I’ve moved into a new space. There’s less light - the last place was like an airy ocean liner, and I think my moods were affected in that way too. Open, blustery, quite bright, unmitigated. Writing. Not much. Nowhere to write really. When I packed up the space, I realised I hadn’t hung the paintings. Bright, higher than usual walls. Empty. And when I left, emptied.
My new space. Still parquet floors. My balcony is wrapped up in palm trees. A refracted light, triangles of shade. Is quite lovely. On the other side of the apartment I have a carpeted room. A carpet. It has been so long. I lay on it the other night. Let my back click out. Flat. I think a quiet room is better for writing. Sounds absorbed.
What I am reading. The Mandarins. Have just finished The Forgotten Waltz, my first Anne Enright read. I had expected more lyricism, that ye old Irish lilt that I do love so. But she is clear, and sharp. It is a fantastic read, but there is a veneer that you just can’t crack through. That’s fine, it’s a first person narrative and is in line with the character. On Kindle, it’s like I am a teenage reader again. Devouring books. And also, without the expectations of what marketing has decided, that is, how the physicality of the book will affect my read. I am sure some PhD lit person is currently bashing out their “the text returns to text through the Kindle” thesis. Blah blah, hope they have fun. I like that academics do what they do, but can’t imagine that they don’t actually deep-down down-down want to be there in the writing, as themselves.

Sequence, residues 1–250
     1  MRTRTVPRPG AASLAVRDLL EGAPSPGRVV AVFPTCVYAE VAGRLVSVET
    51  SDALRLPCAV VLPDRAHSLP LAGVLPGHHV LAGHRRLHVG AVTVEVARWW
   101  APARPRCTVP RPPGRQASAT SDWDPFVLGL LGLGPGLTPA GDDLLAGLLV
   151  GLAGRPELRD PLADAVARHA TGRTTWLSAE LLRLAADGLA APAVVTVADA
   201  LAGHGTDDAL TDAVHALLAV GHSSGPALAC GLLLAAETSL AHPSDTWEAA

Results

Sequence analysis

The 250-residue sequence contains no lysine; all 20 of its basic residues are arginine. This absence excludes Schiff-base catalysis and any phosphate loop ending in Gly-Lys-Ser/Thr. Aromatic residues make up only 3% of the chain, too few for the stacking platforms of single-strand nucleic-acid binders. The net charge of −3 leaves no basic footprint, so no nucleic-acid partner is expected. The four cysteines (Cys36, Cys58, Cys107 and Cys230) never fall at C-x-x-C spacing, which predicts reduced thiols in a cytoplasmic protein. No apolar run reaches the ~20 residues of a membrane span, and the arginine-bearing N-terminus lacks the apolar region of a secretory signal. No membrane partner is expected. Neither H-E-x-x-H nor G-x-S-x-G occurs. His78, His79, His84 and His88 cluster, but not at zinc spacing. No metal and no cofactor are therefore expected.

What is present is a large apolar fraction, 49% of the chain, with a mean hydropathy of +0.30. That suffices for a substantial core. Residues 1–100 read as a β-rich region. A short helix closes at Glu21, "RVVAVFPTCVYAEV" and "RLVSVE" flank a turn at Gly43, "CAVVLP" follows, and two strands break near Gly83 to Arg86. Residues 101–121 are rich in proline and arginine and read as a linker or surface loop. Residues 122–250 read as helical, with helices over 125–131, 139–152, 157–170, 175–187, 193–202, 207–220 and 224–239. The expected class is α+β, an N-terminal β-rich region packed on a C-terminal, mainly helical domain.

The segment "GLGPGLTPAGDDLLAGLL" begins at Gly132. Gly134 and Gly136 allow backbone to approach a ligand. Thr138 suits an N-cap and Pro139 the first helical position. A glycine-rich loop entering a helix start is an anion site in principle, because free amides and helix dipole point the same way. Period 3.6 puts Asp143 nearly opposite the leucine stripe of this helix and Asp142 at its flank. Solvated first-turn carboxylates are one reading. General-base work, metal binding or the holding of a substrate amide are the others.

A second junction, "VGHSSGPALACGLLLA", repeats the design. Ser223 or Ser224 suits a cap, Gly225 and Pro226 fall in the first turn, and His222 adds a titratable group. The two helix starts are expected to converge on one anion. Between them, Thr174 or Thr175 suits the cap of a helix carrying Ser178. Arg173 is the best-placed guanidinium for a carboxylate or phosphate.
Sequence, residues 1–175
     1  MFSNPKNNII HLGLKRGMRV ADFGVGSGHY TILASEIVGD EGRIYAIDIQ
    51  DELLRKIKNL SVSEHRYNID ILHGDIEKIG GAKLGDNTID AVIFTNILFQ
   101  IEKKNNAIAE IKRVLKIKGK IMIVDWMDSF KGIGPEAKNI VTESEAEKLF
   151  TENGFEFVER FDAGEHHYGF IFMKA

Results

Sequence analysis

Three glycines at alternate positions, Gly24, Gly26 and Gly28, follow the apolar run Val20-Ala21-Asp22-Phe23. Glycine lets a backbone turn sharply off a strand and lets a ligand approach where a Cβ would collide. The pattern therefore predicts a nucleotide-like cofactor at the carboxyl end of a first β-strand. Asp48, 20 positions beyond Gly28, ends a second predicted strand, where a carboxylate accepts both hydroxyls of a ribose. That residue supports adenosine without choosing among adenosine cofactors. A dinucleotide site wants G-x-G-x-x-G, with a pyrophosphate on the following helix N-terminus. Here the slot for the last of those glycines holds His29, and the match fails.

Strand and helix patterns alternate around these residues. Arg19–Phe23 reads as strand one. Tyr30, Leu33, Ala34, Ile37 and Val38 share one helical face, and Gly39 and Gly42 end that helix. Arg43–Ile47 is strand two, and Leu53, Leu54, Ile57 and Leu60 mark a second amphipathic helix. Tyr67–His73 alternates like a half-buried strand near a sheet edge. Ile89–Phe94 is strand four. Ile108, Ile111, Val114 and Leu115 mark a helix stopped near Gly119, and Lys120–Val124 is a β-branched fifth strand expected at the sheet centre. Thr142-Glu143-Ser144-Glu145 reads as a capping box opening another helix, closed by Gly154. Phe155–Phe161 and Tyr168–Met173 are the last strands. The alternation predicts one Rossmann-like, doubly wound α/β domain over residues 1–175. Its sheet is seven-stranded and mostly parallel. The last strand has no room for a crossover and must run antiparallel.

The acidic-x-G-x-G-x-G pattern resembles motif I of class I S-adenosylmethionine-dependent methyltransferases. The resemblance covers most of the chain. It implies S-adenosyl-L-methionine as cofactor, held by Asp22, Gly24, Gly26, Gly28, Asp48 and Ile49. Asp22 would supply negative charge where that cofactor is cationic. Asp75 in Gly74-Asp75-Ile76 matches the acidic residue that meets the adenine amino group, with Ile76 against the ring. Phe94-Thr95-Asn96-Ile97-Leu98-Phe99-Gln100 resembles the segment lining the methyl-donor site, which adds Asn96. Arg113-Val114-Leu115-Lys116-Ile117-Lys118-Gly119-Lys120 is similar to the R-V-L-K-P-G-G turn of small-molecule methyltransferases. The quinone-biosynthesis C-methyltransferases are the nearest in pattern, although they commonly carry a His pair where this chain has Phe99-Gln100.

So The Forgotten Waltz = chick lit (“chick lit”), because it is about a lady who has an affair, and gets her man. And the kid. The other chick lit is The Mandarins. My first Simone book. I do not like Satre. I have only ever wondered about her. I do not like the thought of what she had to go through. I balk at the idea of the second sex, I don’t like that she did always come second to him (even at university, he took place one and she was place two in their philosophy degree). I don’t like that she justified her femaleness (her philosophy) through her love for him. Vice Versa: her love for him through her philosophy. The Mandarins. So far, a pale red (faded to pink) dusty colour. Spine: gold lettering. Cover: nothing. Dust jacket: none. The paper is glorious. Thin, but heavy. Slight gloss. Text aligned to edges. Kerning precise. Each letter looks like it has been embedded in the paper, not printed on. Silky, with dents. My copy, thanks Mum, is 1957, Second print. No doubt, my mind will change about her as I read.
And then, I have Bridget Jones waiting. I will read her at the same time. I think I have only read her once. And I was a teenager. I do remember being horrified. Alas, it is time to laugh …;)
Simone Thinking. Look at the edge of her eyes - I reckon she had an amazing laugh.